Jim joked: “I taught Davie Moyes all he knows! But seriously he was in my group and showed even then he had what it takes to be a top manager. He’s enjoyed a rewarding career with a host of clubs including Preston, Everton and West Ham.”
He also dabbled in journalism over the years with the McSherry File featuring in the Ayrshire Post and later the Ayr Advertiser. He also took to the airwaves in 2003 when I asked him to be my co-host on West Sound’s Super Scoreboard, a four-hour Saturday afternoon sports show, and the Ferguson-McSherry double act enjoyed a few good years on the radio.
Jim laughed: “Saturday afternoons were fun and we covered senior, junior and amateur football and we would get into all sorts of arguments with each other, but the listeners loved it.”
At around that time, Jim made a life-changing move when he took over the reins at the Wee Windaes in Newmarket Street and in the 20 years that have followed he has stamped his unique charisma and personality on the pub making it one of the most popular in the town.
He wasn’t a stranger to the licensed trade as he worked as a rep for some years with a number of companies, including Carlsberg and Scottish Brewers in his footballing days, but it was still a bold move venturing to the other side of the bar.
The move to take over the Wee Windaes was set up by Jim’s close friend, John Gilligan, who had been Managing Director of Tennent’s and was also formerly a director of Rangers.
Over the years the Wee Windaes has etched its place in Ayr folklore and raised funds in excess of five figures for local charities including the Ayrshire Hospice and Ayrshire Cancer Support. Sports and entertainment stars regularly drop in and Tam Cowan, a good friend of Jim, has even hosted a night for the Hospice giving his services free of charge.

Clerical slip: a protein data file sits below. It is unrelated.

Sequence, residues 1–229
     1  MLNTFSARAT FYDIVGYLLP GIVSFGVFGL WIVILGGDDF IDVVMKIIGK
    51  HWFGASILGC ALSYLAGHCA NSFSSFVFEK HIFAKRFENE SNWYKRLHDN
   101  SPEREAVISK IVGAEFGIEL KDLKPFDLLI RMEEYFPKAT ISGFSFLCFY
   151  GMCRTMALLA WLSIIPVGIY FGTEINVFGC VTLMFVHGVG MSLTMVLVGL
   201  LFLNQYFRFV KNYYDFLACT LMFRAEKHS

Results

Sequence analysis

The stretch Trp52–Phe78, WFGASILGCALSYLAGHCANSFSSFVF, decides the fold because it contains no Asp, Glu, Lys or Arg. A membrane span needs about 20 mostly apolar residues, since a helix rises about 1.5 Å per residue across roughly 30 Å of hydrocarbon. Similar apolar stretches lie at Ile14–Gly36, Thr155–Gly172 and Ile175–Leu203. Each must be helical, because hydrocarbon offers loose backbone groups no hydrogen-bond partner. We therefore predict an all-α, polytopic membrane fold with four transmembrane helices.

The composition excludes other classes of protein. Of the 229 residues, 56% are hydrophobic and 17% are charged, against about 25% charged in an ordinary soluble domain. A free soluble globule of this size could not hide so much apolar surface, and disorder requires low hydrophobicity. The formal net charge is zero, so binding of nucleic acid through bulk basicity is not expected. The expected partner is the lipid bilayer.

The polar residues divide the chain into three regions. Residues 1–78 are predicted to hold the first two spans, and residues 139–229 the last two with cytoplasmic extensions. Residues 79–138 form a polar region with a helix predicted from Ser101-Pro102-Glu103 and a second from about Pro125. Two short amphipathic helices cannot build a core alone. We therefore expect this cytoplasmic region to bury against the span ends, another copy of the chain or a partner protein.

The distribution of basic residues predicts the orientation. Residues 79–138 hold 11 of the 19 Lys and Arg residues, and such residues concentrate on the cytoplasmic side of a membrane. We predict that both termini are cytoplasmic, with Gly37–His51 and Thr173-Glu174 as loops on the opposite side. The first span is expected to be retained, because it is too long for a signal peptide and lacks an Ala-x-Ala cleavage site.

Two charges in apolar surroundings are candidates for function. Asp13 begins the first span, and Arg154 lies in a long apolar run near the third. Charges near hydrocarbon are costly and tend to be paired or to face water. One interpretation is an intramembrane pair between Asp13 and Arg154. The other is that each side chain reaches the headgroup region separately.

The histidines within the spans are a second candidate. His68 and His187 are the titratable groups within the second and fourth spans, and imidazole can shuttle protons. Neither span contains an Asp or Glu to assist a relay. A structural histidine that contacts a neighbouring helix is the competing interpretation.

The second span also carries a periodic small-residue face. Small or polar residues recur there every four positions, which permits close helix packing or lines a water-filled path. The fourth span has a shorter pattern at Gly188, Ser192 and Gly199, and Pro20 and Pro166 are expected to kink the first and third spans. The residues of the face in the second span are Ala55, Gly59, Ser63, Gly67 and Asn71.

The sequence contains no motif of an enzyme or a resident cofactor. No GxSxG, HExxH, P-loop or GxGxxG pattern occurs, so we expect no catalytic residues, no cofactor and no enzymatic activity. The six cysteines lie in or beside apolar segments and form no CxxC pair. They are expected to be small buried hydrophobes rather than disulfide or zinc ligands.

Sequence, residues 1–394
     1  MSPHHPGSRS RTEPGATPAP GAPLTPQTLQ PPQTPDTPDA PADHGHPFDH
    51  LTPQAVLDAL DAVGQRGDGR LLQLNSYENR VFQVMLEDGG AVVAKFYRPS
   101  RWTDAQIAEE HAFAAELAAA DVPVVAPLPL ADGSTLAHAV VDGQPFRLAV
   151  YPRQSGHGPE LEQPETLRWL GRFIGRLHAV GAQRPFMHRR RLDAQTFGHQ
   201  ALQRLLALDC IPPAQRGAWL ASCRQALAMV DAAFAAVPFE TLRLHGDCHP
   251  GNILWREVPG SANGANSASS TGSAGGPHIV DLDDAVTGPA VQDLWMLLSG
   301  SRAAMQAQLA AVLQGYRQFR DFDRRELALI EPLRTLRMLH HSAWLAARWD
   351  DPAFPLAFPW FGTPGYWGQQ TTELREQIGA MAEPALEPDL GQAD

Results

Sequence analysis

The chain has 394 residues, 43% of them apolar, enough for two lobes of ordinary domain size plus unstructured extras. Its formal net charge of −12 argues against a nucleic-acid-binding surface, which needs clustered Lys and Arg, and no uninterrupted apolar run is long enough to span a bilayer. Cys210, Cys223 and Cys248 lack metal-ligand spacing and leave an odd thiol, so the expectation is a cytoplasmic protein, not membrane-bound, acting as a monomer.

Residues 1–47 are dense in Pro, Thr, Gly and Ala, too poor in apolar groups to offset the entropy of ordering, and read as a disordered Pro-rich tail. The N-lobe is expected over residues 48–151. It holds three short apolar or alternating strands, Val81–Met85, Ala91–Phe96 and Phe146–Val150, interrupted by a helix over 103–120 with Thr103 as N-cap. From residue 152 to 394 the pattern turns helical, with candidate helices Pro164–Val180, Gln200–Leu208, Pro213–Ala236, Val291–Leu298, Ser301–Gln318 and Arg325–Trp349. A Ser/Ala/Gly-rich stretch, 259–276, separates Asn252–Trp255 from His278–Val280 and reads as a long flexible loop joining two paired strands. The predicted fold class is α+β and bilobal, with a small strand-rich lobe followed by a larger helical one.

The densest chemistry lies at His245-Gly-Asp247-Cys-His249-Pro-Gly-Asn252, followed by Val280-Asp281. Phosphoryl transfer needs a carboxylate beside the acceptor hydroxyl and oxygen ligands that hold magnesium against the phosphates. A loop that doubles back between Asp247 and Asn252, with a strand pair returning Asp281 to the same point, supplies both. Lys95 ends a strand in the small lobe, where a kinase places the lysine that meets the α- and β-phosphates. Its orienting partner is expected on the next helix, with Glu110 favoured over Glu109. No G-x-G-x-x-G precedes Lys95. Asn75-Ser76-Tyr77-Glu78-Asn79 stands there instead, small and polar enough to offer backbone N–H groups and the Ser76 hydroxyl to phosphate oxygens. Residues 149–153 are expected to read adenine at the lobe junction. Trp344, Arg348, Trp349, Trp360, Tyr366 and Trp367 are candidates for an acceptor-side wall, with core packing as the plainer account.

“The regulars are so generous,” said Jim. “We have organised fancy dress nights, Abba tribute nights, Ladies Nights and much more to raise funds for charity. In June we held a Pie And A Pint, the Cherrypickers Night being named after the legendary team that came from the village of Glenbuck, and we held a Q&A with Joe Fillipi, Peter McCloy and Archie Knox followed by an after dinner speech from former referee, Bobby Tait. Alongside a raffle and donations, we topped £2,200 for the Hospice.”
The Wee Windaes has a reputation for being the pub in town where sports and entertainment personalities can be seen. Scottish comedian, Andy Cameron, took a break from rehearsals at the Gaeity earlier in the year to visit Jim, and the aforementioned Tam Cowan pops in several a times a year, while Simon Neil of Biffy Clyro fame has also featured in the pub’s Facebook gallery as he joins his dad Gordon regularly for a pint.
Wednesday morning is the Cherrypickers Coffee Club which convenes in the Cafe Le Monde across from the Windaes in Newmarket Street. Among those regularly attending include former Scotland, Rangers, Manchester United and Everton assistant manager, Archie Knox, Willie McLean who managed both Ayr United and Motherwell, Scotland goalkeepers Peter McCloy and Jim Stewart, a host of other former footballers including Jim Fleeting, Mark Shanks, Robert Reilly, Neil Hood, George Maxwell and Frank Coulston, plus boxing promoter Tommy Gilmour.
Former Scotland manager, Craig Brown, was also a Coffee Club regular and one of Jim’s closest friends. Jim paid this tribute to Craig who died in June:
“I’d known Craig for more than 50 years. He was a generous, kind, caring man and a good friend to me. His knowledge was exceptional and not only on football. He was a very clever man and great company. His stories over coffee on Wednesday mornings were legendary. He will be missed greatly.”
I started off recounting Jim’s days as a youngster on the football pitches of Lanarkshire to the senior grounds of Kilmarnock and Ayr and he now follows his grandsons Daniel and Marcus in their Saturday morning games for Valspar. The journey has come full circle for Jim McSherry.